Abstract

Drawing from self-determination theory, the purpose of this study was to examine how environmental factors predict coaches' intrinsic motivation and amotivation, which in turn were expected to be related to coaches' subjective vitality and stress. Development coaches (n = 311) completed a questionnaire tapping the targeted variables. Structural equation modelling supported a model in which opportunities for professional development and perceptions of players' intrinsic motivation were positively related to coaches' intrinsic motivation and negatively associated to coaches' amotivation. In turn, intrinsic motivation predicted subjective vitality whereas amotivation led to suffering from stress. Our results highlight how coaching environments influence coaches' motivation and psychological health. The study discusses two conditions that could help clubs at developmental level to maintain their coaches intrinsically motivated: Providing coaches with opportunities for learning and improvement, and being aware of the reciprocal relationship between coaches' and players' motivations.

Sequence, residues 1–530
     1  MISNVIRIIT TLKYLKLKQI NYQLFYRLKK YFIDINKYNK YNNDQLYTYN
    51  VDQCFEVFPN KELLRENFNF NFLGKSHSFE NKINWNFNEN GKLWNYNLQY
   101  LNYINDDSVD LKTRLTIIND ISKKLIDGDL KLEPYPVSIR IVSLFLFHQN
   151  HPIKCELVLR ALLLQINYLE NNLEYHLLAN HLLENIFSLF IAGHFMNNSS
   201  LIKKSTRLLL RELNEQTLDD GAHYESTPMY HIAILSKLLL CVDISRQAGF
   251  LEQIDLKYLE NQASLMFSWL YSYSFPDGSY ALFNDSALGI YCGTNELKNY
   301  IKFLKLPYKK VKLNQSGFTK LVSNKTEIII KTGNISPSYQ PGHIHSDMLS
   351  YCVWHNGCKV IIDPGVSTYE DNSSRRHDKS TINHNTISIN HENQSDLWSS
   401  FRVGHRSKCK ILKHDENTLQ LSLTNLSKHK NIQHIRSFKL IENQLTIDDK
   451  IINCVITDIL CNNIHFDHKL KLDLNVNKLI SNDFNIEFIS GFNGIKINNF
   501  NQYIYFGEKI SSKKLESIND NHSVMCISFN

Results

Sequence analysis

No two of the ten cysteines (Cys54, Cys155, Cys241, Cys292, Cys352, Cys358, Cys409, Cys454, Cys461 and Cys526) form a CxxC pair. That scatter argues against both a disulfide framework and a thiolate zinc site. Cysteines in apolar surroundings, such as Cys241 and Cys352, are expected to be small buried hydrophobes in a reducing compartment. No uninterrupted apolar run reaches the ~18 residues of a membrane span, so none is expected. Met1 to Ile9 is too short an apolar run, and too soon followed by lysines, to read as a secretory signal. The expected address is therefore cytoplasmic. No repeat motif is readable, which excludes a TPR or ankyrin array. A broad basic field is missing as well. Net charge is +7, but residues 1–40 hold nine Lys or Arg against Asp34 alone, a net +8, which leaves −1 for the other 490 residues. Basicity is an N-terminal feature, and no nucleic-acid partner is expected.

Original languageEnglish
Pages (from-to)365-378
JournalInternational Journal of Sports Science and Coaching
Volume10
Issue number2-3
DOIs
Publication statusPublished - 1 Jun 2015

Keywords

  • Intrinsic Motivation
  • Professional Development
  • Self Determination Theory
  • Wellness
  • Youth Sport Coaches

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